GLBR: Down The Line

The Great Lakes Basin Railroad (GLBR) was conceived in 2009 as a way to alleviate rail freight congestion through the Chicago rail yards and provide other benefits to manufacturers and freight companies and to their customers.

It progressed from concept to serious plans over the next several years and, in March 2016, the federal Surface Transportation Board (STB) gave notice that it would prepare an environmental impact statement on the proposed route and scheduled 10 public hearings.

Those hearings uncovered controversy in many areas along the originally proposed route and its subsequent variations as affected residents and others protested what they saw as negative aspects of GLBR.

With the recent request by Great Lakes Basin Transportation, parent company of GLBR, to pause the STB environmental study, WNIJ News determined that an update in the status is due.

This five-part series, which began Monday, Dec. 12, looks at the following aspects of the GLBR project:

Guy Stephens / WNIJ

 

The argument for the Great Lakes Basin Railroad is that it will be an economic driver for the region.  But while some are enthusiastic about its potential, some are skeptical – including the railroads that are supposed to be its major clients.    

Great Lakes Basin Railroad lawyer Mike Blaszak says the line will be a boon for the railroads using it -- and for their customers. He cites the example of fracking sand that is mined in Wisconsin.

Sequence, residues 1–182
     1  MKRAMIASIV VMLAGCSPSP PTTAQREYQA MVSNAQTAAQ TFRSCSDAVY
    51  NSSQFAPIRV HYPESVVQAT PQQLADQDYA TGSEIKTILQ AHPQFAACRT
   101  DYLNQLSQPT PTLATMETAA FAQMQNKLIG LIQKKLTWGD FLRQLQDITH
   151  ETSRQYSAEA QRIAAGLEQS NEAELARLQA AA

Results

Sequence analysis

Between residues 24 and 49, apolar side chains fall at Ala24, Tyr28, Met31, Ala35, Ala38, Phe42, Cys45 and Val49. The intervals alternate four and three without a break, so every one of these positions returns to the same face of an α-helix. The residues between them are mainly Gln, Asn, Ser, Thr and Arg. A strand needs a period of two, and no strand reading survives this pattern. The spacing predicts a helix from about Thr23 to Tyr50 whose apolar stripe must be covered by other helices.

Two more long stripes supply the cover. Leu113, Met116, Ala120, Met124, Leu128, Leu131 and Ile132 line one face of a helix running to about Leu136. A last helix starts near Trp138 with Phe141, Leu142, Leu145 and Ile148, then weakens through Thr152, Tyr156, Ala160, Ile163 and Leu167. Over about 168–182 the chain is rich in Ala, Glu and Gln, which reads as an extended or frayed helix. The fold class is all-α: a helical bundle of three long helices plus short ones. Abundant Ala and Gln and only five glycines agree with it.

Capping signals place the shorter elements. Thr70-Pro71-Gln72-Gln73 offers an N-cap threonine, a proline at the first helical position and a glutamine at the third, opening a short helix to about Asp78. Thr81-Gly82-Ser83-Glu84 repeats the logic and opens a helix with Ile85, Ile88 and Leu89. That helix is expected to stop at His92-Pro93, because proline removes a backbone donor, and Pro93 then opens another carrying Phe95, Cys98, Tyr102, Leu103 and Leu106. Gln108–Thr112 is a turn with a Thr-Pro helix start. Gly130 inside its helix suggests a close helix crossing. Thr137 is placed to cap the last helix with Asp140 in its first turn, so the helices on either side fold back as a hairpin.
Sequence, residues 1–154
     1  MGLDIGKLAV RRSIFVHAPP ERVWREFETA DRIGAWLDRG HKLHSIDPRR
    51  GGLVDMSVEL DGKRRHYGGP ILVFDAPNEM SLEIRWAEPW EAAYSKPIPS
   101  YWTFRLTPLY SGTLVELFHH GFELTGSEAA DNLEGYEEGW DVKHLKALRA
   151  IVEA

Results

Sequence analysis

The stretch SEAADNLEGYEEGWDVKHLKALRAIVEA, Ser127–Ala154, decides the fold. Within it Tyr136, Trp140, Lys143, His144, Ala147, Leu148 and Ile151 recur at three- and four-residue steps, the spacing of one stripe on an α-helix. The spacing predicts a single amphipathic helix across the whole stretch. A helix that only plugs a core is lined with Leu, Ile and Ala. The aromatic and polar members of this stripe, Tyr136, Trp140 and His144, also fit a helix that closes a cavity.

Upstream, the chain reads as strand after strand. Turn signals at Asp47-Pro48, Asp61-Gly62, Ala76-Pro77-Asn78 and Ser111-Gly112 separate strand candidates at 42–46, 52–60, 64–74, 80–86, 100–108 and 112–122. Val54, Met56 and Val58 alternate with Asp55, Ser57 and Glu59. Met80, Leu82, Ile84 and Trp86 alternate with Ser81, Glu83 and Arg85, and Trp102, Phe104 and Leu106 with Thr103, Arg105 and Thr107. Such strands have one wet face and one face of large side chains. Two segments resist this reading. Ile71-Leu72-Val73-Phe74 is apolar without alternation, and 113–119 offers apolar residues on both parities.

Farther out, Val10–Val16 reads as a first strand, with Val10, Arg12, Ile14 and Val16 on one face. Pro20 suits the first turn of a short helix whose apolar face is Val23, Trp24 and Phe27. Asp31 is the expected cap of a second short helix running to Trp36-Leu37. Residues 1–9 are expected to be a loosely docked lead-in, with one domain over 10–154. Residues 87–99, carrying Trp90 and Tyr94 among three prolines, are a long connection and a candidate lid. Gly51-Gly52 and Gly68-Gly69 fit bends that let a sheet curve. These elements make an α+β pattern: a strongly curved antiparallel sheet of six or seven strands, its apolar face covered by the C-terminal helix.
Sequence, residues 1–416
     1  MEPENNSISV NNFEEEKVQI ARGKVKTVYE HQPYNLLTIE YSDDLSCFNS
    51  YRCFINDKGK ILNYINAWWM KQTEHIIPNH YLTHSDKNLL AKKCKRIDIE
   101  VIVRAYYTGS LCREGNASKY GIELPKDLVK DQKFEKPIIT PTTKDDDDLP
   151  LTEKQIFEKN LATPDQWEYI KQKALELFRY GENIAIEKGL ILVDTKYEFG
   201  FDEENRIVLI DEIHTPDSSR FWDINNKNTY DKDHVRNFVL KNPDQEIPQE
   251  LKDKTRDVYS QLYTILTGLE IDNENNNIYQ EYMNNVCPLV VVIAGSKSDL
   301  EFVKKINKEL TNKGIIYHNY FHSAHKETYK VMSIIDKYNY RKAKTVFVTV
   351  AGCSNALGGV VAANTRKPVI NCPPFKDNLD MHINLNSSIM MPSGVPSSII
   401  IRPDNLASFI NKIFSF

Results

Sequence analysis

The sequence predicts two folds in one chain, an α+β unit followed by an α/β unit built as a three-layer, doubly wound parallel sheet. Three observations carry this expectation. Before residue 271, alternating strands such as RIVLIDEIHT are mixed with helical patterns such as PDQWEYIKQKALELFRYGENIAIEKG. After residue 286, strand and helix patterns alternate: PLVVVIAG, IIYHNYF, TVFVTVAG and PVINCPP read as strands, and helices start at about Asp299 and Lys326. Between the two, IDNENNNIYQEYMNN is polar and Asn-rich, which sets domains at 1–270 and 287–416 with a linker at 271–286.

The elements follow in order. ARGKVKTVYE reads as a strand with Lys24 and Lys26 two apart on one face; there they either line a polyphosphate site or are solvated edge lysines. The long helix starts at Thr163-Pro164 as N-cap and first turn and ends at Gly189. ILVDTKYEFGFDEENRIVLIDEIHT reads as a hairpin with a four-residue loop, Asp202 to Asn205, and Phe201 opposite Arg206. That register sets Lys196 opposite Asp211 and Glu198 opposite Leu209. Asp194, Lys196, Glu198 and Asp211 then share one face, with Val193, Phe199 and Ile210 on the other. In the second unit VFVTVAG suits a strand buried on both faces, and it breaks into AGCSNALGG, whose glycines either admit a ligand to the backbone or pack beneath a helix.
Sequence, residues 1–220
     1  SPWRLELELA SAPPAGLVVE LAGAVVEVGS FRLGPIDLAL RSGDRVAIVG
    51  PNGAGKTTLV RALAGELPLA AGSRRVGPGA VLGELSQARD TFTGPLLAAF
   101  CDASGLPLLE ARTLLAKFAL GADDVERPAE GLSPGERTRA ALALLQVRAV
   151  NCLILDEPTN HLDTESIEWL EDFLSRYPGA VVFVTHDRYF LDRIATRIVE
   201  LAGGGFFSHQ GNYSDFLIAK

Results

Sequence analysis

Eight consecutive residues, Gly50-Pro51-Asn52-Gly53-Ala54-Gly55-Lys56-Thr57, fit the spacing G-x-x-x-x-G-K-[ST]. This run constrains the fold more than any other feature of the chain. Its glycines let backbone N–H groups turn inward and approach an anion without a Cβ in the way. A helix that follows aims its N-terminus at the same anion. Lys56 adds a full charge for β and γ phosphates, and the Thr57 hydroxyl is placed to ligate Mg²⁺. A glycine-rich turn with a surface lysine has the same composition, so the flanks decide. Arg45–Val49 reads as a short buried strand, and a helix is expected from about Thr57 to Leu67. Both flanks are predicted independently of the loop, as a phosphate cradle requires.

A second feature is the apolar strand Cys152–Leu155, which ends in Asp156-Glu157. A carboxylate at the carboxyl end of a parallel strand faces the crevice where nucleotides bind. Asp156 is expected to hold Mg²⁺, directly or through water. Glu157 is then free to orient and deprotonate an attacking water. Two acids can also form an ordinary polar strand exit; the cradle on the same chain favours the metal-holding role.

Great Lakes Basin Transportation / greatlakesbasin.net

Great Lakes Basin Transportation Inc. was granted a pause in the environmental review process for its $8 billion project.   

The proposed Great Lakes Basin Railroad would loop from southern Wisconsin to western Indiana in order to bypass congested Chicago freight lines.   However, the route needs to be approved by the federal Surface Transportation Board in an environmental impact statement before any construction can begin.  

Susan Stephens / WNIJ

Two Wisconsin lawmakers say they are looking into changing state law to prevent a proposed railroad project from forcing people to sell their land. The Great Lakes Basin Railroad would swing 261 miles through Indiana, Illinois, and Wisconsin in an attempt to relieve train congestion in the Chicago area.

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